|Publication number||USRE30373 E|
|Application number||US 05/965,294|
|Publication date||Aug 19, 1980|
|Filing date||Dec 1, 1978|
|Priority date||Feb 17, 1977|
|Publication number||05965294, 965294, US RE30373 E, US RE30373E, US-E-RE30373, USRE30373 E, USRE30373E|
|Inventors||Ferdinand J. Nist, Jr.|
|Original Assignee||Seattle Box Company|
|Export Citation||BiBTeX, EndNote, RefMan|
|Patent Citations (19), Referenced by (7), Classifications (18)|
|External Links: USPTO, USPTO Assignment, Espacenet|
During the past several years the increased and often frantic activity in the exploration for oil in the remote areas of the world and in its transmission from developed wells has occurred. This has involved the shipment of great quantities of pipe of a wide range of sizes and very great lengths. Some of the pipe is drilling, and other of the pipe sections are for well casing purposes or to convey the oil once it has been located. In most cases the pipe sections must arrive at their eventual point of use without bends, dents or damaged ends--all conditions that have occurred when bundles of pipe have been shipped loose or strapped together without protective structure. In those known cases in the prior art where composite bundling has been disclosed, pipe sections have been cradled in underlying concave shoes and then capped with like but inverted non-contacting shoes and the whole fastened together. In such cases any weight applied to a bundle, as by a second similar bundle stacked thereon, is applied directly to the pipe sections and at localized or restricted positions. The pipes may thus be crushed or otherwise deformed.
In other instances it is known to form a rack of side-by-side pipes between a pair of bolsters and to surmount the first rack with a second rack of pipe sections, a third bolster and even a third rack of pipes not necessarily with a fourth bolster. The adjacent pipes are neither separated from each other nor are they separated from the bolsters. As a result, when such bundles are stacked, the lower bundles support the weight of upper bundles, and such weights can be considerable. Depending on pipe sizes and lengths, the dead weight of such bundles can be several tons per bundle. Damage is extremely likely under such practices. This is particularly true when the pipes may shift within the bundle. Straps can be broken and the pipe surfaces can be gouged or worn destroying protective coatings.
According to this invention a base is formed of a first plurality of transverse sleepers arranged in spaced-apart disposition on a work surface or floor. The length of this base is usually less than the overall length of the long pipe sections to be bundled. A first tier of pipe lengths in side-by-side disposition is deposited on the base, each adjacent pipe pair being separated by divider blocks having concave sides to cradle the pipes. Preferably the height of the divider blocks is equal to or slightly greater than the pipe diameter. A second plurality of sleepers is placed in overlying relation to said first set of sleepers and the divider blocks standing thereon. Then a second tier of pipe lengths, likewise separated as described, is placed on the second set of sleepers. This assembly is then completed by the addition of a third set of sleepers and integrated by an encircling, tightly-bound strap means at each station. The pipes are drawn into the concavities of the divider blocks and become individually suspended within the bundle. They are out of contact with each other and with the sleepers, yet, because of their extreme lengths, are free to flex and twist without harm or endwise movement during handling or transhipment.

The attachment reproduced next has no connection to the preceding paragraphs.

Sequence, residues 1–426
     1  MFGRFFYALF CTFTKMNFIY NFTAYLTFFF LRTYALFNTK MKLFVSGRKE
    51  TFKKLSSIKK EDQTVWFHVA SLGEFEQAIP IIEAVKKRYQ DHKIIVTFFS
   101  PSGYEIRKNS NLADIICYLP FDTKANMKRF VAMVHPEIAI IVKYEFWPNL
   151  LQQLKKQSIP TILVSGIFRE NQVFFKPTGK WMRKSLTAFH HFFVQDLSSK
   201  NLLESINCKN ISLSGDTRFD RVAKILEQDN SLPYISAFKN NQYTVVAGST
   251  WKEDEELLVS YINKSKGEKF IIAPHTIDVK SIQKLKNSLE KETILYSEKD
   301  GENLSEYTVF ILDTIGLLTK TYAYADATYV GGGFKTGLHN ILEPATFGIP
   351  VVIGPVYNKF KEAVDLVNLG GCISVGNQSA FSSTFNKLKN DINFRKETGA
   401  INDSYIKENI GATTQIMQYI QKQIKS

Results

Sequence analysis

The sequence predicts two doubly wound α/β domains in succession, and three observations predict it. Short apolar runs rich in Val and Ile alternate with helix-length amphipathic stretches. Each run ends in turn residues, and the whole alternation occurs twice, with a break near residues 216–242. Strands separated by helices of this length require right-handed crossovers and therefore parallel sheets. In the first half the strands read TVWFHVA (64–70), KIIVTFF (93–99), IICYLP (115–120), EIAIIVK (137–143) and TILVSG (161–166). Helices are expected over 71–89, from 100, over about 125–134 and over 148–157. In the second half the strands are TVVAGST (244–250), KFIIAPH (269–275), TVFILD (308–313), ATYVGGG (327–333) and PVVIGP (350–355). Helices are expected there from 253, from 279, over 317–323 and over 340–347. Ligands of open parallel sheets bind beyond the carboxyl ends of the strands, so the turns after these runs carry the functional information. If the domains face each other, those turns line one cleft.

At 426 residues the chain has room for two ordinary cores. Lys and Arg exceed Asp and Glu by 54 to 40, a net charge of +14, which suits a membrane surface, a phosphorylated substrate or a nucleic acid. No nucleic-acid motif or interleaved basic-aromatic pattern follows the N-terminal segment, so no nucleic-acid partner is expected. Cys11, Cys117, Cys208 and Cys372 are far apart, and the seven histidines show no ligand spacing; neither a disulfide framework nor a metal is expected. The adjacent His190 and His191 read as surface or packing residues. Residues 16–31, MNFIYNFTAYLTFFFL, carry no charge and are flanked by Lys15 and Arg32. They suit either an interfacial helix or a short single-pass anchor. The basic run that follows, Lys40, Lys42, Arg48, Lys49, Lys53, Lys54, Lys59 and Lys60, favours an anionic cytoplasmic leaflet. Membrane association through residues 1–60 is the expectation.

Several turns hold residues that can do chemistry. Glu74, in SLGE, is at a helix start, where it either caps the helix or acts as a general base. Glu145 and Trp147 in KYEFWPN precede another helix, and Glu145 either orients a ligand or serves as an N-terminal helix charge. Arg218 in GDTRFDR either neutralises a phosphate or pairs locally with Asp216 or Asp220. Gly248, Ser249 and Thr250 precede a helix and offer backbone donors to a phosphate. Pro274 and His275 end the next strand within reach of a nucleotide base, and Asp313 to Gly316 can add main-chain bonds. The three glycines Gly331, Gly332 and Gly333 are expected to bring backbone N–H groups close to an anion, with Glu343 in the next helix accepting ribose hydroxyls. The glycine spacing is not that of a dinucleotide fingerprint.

FIG. 1 is a side elevational view of a shipping bundle of lengthy pipes of like diameters in tiered and interconnected disposition according to the present invention;
FIG. 2 is an end elevational view of a shipping bundle;
FIG. 3 is a perspective view of a divider block used in the pipe tiers;
FIG. 4 is an enlarged cross-sectional view of a lower corner of a bundle;
FIG. 5 is a transverse view in the plane 5--5 of FIG. 4;
FIG. 6 is an enlarged side view of an end portion of a bundle;
FIG. 7 is an enlarged perspective view of a bundle portion at the top of a tier of sleepers; and
FIG. 8 is an illustrative end view of a bundle depicting how a bundle may rack due to its inherent flexibility.
A shipping bundle according to this invention comprises a base formed of a first plurality of sleepers 10, 12 and 14 arranged parallel with each other in spaced-apart relation on a supporting surface 16. A tier of pipe lengths 18 initially lie on the sleepers in parallel relation to each other. Such pipe lengths may be 20, 30 or even 50 or 60 feet in length, and their diameters may be in the range of 2 inches to 20 or 24 inches. Their ends are usually protected against damage by sleeves 20.